Maine is a fairly rural state, and more than half of the state’s school districts do not have a high school. To ensure that students receive an education, some towns opt to make a contract with a nearby public or private high school to send their students and comply with state law requiring education.

But for 48 Maine towns, high-school-age students can decide where they would like to attend high school and have tuition paid for by the state. (Middle schoolers are eligible in two towns.)

Children who live in these 48 towns attend high school at nearby public or private high schools, with their town footing the tuition bill up to roughly $12,000. While the program has existed since 1873, since 1980, it has been state law that these town tuitioning dollars cannot go to schools that are “sectarian” in nature.

There are no income requirements. To be eligible for the program, one must live in a town that does not have a public school for the child’s grade level.

For example: this means that a child who lives in Arundel, Maine–a town without a high school–can opt to attend either the public high schools in the neighboring towns of Biddeford and Kennebunk, or go to Thornton Academy, a private boarding school located in the city of Saco, free of charge. That same student would have to foot the bill if they wished to attend a nearby Catholic high school or Christian high school. (All of Maine’s sectarian private secondary schools are operated by Christian denominations, although there is a K-8 Jewish day school.)

More than 4,000 students statewide are eligible for this program, about 2.5% of the total number of students in Maine schools.

What does the state say?

Maine’s Attorney General Aaron Frey said in a statement Tuesday that he was “terribly disappointed and disheartened” by the decision, specifically because he believes Bangor Christian Schools and another school in the lawsuit do not provide a proper education due to their religious beliefs.

“They promote a single religion to the exclusion of all others, refuse to admit gay and transgender children, and openly discriminate in hiring teachers and staff,” he said, referring to admissions and hiring policies requiring students and staff to comply with the covenants of the school.

“While parents have the right to send their children to such schools, it is disturbing that the Supreme Court found that parents also have the right to force the public to pay for an education that is fundamentally at odds with values we hold dear,” he said.

Frey said he would work with Gov. Janet Mills and the state legislature “to address the Court’s decision and ensure that public money is not used to promote discrimination, intolerance, and bigotry.”

What does this mean for Maine’s Catholic schools?

Both of Maine’s Catholic high schools enroll students living in towns that permit school choice, and could theoretically be eligible for town tuitioning dollars as a result of the new decision.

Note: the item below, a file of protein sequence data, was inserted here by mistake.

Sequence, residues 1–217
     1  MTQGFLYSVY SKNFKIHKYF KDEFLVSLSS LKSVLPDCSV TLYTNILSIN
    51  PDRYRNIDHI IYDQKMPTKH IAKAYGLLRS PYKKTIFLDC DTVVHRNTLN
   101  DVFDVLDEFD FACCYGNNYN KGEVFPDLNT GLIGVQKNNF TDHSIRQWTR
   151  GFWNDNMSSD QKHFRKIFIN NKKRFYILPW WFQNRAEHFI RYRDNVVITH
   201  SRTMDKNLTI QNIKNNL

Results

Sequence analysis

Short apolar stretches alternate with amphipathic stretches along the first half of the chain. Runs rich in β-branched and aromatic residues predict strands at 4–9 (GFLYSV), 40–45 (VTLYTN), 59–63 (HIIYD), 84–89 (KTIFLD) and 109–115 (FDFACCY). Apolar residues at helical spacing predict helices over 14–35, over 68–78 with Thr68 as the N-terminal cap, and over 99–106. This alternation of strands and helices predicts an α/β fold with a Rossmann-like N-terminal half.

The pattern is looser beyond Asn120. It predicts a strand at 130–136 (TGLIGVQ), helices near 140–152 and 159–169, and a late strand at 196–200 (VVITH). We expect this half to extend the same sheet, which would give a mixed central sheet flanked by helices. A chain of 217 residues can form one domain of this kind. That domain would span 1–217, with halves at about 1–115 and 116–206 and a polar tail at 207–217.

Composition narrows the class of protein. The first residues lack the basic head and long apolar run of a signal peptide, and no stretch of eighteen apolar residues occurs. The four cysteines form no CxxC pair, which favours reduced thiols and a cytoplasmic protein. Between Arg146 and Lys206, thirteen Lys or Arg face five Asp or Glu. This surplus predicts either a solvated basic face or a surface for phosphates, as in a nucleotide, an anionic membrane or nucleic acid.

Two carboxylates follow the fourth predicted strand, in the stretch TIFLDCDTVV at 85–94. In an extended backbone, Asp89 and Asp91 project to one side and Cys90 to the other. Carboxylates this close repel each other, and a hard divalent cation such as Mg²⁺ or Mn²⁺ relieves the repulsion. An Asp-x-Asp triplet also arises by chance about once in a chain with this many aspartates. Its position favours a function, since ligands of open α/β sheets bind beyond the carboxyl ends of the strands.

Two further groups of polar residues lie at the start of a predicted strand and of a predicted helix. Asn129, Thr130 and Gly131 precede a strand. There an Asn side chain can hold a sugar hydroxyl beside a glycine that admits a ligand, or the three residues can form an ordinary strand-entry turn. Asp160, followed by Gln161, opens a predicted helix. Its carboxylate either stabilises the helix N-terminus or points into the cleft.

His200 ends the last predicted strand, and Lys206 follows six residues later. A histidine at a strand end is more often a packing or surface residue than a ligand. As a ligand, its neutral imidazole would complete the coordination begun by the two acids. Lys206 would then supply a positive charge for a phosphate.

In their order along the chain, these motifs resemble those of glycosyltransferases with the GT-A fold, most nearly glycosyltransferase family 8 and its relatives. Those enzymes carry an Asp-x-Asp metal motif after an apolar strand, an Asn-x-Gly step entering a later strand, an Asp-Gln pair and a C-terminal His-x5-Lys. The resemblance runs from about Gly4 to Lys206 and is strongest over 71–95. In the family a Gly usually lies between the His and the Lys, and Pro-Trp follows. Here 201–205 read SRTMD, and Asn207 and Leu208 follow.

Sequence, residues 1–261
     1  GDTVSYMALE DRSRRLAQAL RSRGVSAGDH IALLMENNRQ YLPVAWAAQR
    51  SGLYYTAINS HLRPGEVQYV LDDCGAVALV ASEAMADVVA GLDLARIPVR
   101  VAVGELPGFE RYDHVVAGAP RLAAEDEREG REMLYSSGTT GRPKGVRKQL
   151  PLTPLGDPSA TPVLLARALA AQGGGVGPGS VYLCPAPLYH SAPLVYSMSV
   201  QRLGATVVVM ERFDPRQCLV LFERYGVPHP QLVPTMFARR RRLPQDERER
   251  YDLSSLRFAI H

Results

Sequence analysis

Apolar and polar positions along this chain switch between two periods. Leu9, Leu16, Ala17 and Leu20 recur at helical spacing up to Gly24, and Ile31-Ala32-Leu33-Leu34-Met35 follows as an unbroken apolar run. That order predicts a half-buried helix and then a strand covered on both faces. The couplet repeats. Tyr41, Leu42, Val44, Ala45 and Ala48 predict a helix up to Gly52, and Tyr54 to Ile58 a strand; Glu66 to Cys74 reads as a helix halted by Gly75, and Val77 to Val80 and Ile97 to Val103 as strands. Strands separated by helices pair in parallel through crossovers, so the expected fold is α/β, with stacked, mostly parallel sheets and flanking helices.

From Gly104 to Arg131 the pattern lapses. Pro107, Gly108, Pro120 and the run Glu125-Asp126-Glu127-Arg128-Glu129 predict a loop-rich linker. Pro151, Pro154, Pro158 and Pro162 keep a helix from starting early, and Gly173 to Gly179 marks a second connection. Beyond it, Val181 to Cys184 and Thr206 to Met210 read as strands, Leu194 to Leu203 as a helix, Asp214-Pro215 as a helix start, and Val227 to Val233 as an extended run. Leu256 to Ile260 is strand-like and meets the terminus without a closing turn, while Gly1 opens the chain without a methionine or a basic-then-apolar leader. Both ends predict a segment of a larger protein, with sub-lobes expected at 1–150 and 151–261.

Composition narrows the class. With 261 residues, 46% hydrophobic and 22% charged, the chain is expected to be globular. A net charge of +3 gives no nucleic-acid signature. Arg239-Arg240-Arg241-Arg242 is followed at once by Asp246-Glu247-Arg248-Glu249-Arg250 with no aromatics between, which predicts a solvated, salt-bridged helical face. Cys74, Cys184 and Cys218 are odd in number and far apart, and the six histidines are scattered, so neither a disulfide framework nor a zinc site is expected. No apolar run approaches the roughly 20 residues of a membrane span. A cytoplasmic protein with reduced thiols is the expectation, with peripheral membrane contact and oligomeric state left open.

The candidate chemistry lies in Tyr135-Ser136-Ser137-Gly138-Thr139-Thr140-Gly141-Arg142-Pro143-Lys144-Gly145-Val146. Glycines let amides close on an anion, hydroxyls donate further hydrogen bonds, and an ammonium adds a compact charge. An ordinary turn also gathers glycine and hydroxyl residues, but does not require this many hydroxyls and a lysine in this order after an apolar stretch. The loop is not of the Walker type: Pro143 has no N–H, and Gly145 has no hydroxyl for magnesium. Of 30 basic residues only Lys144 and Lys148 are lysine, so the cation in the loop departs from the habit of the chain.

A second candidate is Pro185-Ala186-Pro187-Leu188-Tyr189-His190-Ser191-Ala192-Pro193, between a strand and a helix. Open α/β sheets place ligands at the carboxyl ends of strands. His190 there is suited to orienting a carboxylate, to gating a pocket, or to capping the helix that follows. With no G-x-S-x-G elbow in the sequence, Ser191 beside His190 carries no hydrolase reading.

But Maine diocesan officials are holding back, in part because they want to see what requirements might go along with state funding programs.

“The diocese has to see what the funding will entail and what the details for receiving it are. The diocese is certainly supportive of allowing families to have access to better educational choices,” Dave Guthro, communications director for the Diocese of Portland (ME) told The Pillar.

“If space allows, the diocese would happily welcome families to enjoy the excellent educational experience that Catholic schools afford.”

Sr. McDonald, vice president at the NCEA, noted that about a fifth of Catholic school students nationwide are not Catholic, saying that parents often choose Catholic school despite religious differences.

“They’re not worried about indoctrination,” she said. “That’s not the purpose of the school, to indoctrinate people who chose not to accept the faith.”

What about the rest of the country?

The Supreme Court already ruled in favor of giving aid to religious schools in Espinoza v Montana Department of Revenue in 2020 and Trinity Lutheran Church of Colombia, Inc. v. Comer in 2017.

Maine’s town tuitioning program is relatively unique in its scope, although similar programs exist in Vermont and New Hampshire.

McDonald told The Pillar she thinks this decision will make it easier to expand school choice programs around the country.

“I think this has clearly set the precedent–particularly in any school choice programs that might be in the works–I think the one thing that people trying to put those programs together won’t have to deal with is the Blaine Amendment.”

“I think basically it invalidates the Blaine Amendment as a course of action,” she said.

So now what?

A significant number of Maine’s private high schools function as the de-facto public schools for its area residents and have contracts with towns and/or school districts. Additionally, public high schools do not exist for students in many rural areas of Maine.

In order to comply with the Supreme Court’s ruling, the state will have to either allow for the use of town tuitioning dollars at sectarian schools, prohibit the use of town tuitioning dollars at all private schools, or require towns to make a contract with a public or private high school for their students.

“There’s two options: one is to allow families to use the tuitioning program for a faith-based school, or to completely shut down tuition assistance for anybody–which is highly unlikely,” McDonald explained.